Review

Technology-driven layer-by-layer assembly of nanofilms

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Science  24 Apr 2015:
Vol. 348, Issue 6233, aaa2491
DOI: 10.1126/science.aaa2491

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Thin-film fabrication

The deposition of thin films from multiple materials is essential to a range of materials fabrication processes. Layer-by-layer processes involve the sequential deposition of two or more materials that physically bond together. Richardson et al. review some of the techniques and materials that are used to make thin films, including sequential dip coating, spraying, and electrochemical deposition. Despite the versatility of the methods and the range of materials that can be deposited, the techniques remain mostly confined to the lab because of challenges in industrial scaling. But because there is tremendous scope for fine-tuning the structure and properties of the multilayers, there is interest in broadening the use of these techniques.

Science, this issue 10.1126/science.aaa2491

Structured Abstract

BACKGROUND

Over the past few decades, layer-by-layer (LbL) assembly of thin films has been of considerable interest because of its ability to exert nanometer control over film thickness and its extensive choice of usable materials for coating planar and particulate substrates. The choice of materials allows for responsive and functional thin films to be engineered for various applications, including catalysis, optics, energy, membranes, and biomedicine. Furthermore, there is now a growing realization that the assembly technologies substantially affect the physicochemical properties and, ultimately, the performance of the thin films.

ADVANCES

Recent advances in LbL assembly technologies have explored different driving forces for the assembly process when compared with the diffusion-driven kinetics of classical LbL assembly, where a substrate is immersed in a polymer solution. Examples of different assembly technologies that are now available include: dipping, dewetting, roll-to-roll, centrifugation, creaming, calculated-saturation, immobilization, spinning, high gravity, spraying, atomization, electrodeposition, magnetic assembly, electrocoupling, filtration, microfluidics, and fluidized beds. These technologies can be condensed into five broad categories to which automation or robotics can also be applied—namely, (i) immersive, (ii) spin, (iii) spray, (iv) electromagnetic, and (v) fluidic assembly. Many of these technologies are still new and are actively being explored, with research shedding light on how the deposition technologies and the underlying driving forces affect the formation, properties, and performance of the films, as well as the ease, yield, and scale of the processing.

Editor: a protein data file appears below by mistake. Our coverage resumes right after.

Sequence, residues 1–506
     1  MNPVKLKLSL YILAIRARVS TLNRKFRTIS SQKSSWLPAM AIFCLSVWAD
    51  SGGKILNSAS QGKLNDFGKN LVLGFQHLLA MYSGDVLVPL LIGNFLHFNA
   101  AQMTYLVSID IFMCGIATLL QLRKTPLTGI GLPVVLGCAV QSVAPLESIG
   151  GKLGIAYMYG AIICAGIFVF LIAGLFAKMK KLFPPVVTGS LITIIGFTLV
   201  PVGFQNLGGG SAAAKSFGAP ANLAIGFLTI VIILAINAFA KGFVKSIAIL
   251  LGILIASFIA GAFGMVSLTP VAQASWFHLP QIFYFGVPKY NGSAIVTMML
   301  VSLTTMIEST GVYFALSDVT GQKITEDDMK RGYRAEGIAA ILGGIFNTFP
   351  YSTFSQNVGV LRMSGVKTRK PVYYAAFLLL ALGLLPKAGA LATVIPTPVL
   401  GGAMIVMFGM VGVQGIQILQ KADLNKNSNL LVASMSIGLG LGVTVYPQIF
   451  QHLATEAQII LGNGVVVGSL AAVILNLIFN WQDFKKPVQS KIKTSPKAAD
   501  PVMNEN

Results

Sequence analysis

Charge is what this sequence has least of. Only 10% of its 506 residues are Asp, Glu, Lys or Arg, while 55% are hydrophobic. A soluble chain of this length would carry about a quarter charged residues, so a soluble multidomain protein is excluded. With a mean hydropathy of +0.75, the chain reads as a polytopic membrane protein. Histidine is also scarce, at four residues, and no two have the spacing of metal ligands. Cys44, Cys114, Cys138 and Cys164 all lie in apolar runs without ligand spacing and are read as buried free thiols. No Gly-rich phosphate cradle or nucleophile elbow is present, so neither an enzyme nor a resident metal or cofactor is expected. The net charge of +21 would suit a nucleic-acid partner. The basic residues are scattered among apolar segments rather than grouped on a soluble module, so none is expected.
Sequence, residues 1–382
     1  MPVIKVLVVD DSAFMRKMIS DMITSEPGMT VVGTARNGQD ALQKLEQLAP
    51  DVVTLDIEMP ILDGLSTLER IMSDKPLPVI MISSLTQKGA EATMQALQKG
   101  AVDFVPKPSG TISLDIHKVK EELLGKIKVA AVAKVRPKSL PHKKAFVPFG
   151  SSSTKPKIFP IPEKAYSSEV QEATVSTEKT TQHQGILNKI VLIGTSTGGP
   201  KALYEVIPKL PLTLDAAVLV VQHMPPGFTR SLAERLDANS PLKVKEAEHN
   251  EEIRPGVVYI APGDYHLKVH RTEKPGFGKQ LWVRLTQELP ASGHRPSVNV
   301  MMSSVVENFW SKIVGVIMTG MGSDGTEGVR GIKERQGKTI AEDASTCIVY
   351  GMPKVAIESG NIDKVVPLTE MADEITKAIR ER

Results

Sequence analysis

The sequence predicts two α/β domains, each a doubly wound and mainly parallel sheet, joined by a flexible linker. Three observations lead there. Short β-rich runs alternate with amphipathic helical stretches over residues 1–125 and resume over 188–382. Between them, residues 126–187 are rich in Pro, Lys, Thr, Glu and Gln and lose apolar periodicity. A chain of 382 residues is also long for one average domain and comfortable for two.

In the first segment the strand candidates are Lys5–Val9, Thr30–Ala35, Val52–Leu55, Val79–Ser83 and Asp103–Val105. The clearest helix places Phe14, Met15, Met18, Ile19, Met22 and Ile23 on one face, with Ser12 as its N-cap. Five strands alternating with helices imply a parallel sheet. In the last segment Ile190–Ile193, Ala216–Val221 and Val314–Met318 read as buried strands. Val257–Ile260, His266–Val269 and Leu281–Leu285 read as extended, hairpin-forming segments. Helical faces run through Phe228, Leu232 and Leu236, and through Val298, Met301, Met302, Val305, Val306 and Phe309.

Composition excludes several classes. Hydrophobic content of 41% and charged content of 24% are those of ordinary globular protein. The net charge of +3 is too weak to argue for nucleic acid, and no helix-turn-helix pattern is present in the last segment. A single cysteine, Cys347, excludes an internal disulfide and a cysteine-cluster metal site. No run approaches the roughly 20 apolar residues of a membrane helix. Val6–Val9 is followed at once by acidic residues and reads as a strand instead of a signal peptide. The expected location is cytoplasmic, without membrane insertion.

OUTLOOK

Layer-by-layer assembly has proven markedly powerful over the past two decades and has had a profound interdisciplinary effect on scientific research. Scaling up the process is crucial for furthering real-world applications, and moving forward, an understanding of how to carefully select assembly methods to harness the specific strengths of different technologies has the potential to be transformative. Comprehensive comparisons between the technologies still need to be conducted, especially in regard to coating particulate substrates, where comparisons are limited but crucial for advancing fundamental research and practical applications.

Layer-by-layer assembly of nanofilms for preparing functional materials.

The properties and performance of the resulting films depend on the substrate and layer material choices, as well as the assembly technology.

ILLUSTRATION CREDIT: ALISON E. BURKE AND CASSIO LYNM

Abstract

Multilayer thin films have garnered intense scientific interest due to their potential application in diverse fields such as catalysis, optics, energy, membranes, and biomedicine. Here we review the current technologies for multilayer thin-film deposition using layer-by-layer assembly, and we discuss the different properties and applications arising from the technologies. We highlight five distinct routes of assembly—immersive, spin, spray, electromagnetic, and fluidic assembly—each of which offers material and processing advantages for assembling layer-by-layer films. Each technology encompasses numerous innovations for automating and improving layering, which is important for research and industrial applications. Furthermore, we discuss how judicious choice of the assembly technology enables the engineering of thin films with tailor-made physicochemical properties, such as distinct-layer stratification, controlled roughness, and highly ordered packing.

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